While our physical offices are closed until further notice in accordance with Austin's COVID-19 "stay home-work safe" order, the Handbook of Texas will remain available at no-cost for you, your fellow history enthusiasts, and all Texas students currently mandated to study from home. If you have the capacity to help us maintain our online Texas history resources during these uncertain times, please consider making a 100% tax-deductible contribution today. Thank you for your support of TSHA and Texas history. Donate Today »


Paul M. Lucko

COFFEY, RICHARD (1823–1897). Richard (Uncle Rich) Coffey, pioneer rancher, Indian fighter, and teamster in the lower Concho River valley, was born in Georgia on February 14, 1823. He married Sarah Greathouse (Aunt Sallie) of Decatur County, Georgia, on October 5, 1849; the couple had six children. Coffey moved his family to Parker County, Texas, in 1855. While residing there he served in the Texas Rangers and assisted Capt. Lawrence Sullivan Ross in the rescue of Cynthia Ann Parker on December 18, 1860. Coffey moved to Elm Creek, near the site of present Ballinger, Runnels County, in 1862. He and several of his cowboys constructed Picketville, a picket fort known as the first white settlement in Runnels County.

Sometime between 1865 and 1869 Coffey and his family moved to a location near the confluence of the Concho and Colorado rivers. He established the Flat Top Ranch, which extended into Runnels, Concho, and Coleman counties. His house was in Concho County. Reportedly, the Coffeys were the first white family to settle in that county. Coffey became a successful rancher but lost over 1,000 cattle and fifty-four horses to a band of Comanche Indians who attacked a group of Coffey's cattle drivers in 1871. When he filed a claim for his losses, the federal government refused to reimburse him. He rebuilt his herd but never achieved great wealth. He also acquired fame as a teamster and was often attacked by Indians. He and his employees transported salt in ox-drawn wagons from the Pecos River in Crane County for sale to his neighbors. Although he resided in Concho County, he also paid taxes in Coleman County and served on that county's first grand jury. A small settlement, Rich Coffey, Texas, existed briefly on the Coffey properties in Coleman County and had a post office from 1879 to 1882.

Distinguished by his bearskin clothes, buffalo robe and cape, as well as his long hair, the husky Coffey was the inspiration for a minor character in John H. Culp's novel Born of the Sun (1959). Coffey was a Baptist and a charter member of Masonic lodges in Brownwood, Coleman, and Paint Rock. He died on February 7, 1897, and was buried in Paint Rock.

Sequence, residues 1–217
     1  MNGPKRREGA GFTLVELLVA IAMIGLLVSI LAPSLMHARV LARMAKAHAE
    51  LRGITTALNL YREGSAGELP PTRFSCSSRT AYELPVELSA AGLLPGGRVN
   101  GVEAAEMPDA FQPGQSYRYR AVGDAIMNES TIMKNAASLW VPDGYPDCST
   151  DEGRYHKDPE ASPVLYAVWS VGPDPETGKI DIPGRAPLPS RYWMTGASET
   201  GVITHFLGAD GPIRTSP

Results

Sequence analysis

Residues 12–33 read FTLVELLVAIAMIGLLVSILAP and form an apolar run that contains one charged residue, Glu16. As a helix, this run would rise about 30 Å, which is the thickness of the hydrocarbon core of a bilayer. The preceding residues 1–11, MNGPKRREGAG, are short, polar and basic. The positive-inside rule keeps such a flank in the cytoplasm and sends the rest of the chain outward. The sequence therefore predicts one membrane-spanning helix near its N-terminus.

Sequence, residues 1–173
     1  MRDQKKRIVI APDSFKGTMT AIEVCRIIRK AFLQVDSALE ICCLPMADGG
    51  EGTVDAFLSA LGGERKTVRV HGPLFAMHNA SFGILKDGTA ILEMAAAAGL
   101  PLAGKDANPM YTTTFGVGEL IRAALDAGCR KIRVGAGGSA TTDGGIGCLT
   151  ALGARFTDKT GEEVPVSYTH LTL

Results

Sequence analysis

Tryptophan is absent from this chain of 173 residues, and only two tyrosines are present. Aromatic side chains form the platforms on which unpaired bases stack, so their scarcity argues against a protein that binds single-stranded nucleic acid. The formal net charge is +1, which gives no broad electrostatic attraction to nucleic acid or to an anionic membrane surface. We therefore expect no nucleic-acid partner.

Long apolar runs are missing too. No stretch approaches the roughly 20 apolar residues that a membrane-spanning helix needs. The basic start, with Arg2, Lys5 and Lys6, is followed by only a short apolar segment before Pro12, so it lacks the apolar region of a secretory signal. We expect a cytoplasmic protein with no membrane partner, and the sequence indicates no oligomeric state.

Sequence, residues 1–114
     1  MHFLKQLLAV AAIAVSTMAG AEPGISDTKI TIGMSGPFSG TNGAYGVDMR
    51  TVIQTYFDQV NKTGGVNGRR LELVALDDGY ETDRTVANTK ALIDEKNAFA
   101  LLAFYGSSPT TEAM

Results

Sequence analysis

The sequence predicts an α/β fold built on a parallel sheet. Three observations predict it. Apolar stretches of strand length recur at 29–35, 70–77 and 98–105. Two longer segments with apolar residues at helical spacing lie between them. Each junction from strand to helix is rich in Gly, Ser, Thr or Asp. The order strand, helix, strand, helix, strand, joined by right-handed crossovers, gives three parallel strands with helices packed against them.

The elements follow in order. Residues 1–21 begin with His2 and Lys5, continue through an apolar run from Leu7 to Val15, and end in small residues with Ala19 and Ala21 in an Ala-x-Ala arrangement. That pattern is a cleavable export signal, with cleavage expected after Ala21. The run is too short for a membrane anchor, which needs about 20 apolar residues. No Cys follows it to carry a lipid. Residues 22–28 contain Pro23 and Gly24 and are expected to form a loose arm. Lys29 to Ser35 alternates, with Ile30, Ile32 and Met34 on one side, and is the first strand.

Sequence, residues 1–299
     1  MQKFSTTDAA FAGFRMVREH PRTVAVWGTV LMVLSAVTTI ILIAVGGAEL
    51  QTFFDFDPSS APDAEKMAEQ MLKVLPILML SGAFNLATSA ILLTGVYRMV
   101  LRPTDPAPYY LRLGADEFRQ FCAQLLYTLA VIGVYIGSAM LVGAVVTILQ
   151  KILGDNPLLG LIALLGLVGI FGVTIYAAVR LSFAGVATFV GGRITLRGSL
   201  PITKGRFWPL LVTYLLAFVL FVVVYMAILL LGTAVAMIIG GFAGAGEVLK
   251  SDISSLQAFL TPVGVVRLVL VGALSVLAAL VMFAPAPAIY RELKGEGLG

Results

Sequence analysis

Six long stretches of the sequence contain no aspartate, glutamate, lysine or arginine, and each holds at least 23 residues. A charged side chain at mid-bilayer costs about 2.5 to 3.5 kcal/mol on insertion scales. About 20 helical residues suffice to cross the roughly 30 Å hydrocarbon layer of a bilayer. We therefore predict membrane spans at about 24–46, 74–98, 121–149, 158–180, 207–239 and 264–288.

Hazie LeFevre, Concho County History: 1858–1958 (2 vols., Eden, Texas, 1959). Bishop Powell, "Pioneering in the Concho Country: Rich Coffey," West Texas Historical Association Year Book 50 (1974). San Angelo Standard Times, May 27, 1973. D. D. Tidwell, "Rich Coffey of the Concho," Texas Freemason, November 1971. Vertical Files, Dolph Briscoe Center for American History, University of Texas at Austin.

Image Use Disclaimer

All copyrighted materials included within the Handbook of Texas Online are in accordance with Title 17 U.S.C. Section 107 related to Copyright and “Fair Use” for Non-Profit educational institutions, which permits the Texas State Historical Association (TSHA), to utilize copyrighted materials to further scholarship, education, and inform the public. The TSHA makes every effort to conform to the principles of fair use and to comply with copyright law.

For more information go to: http://www.law.cornell.edu/uscode/17/107.shtml

If you wish to use copyrighted material from this site for purposes of your own that go beyond fair use, you must obtain permission from the copyright owner.


The following, adapted from the Chicago Manual of Style, 15th edition, is the preferred citation for this article.

Handbook of Texas Online, Paul M. Lucko, "COFFEY, RICHARD," accessed August 12, 2020, http://www.tshaonline.org/handbook/online/articles/fco89.

Uploaded on June 12, 2010. Modified on October 2, 2019. Published by the Texas State Historical Association.
visit the mytsha forums to participate

View these posts and more when you register your free MyTSHA account.

Call for Papers: Texas Center for Working-Class Studies Events, Symposia, and Workshops
Hi all! You may be interested in this call for papers I received from the Texas Center for Working-Class Studies at Collin College...

Katy Jennings' Ride Scholarly Research Request
I'm doing research on Catherine Jennings Lockwood, specifically the incident known as "Katy Jennings' Ride." Her father was Gordon C. Jennings, the oldest man to die at the Alamo...

Texas Constitution of 1836 Co-Author- Elisha Pease? Ask a Historian
The TSHA profile of Elisha Marshall Pease states that he wrote part of the Texas Constitution although he was only a 24 year-old assistant secretary (not elected). I cannot find any other mention of this authorship work by Pease in other credible research about the credited Constution authors...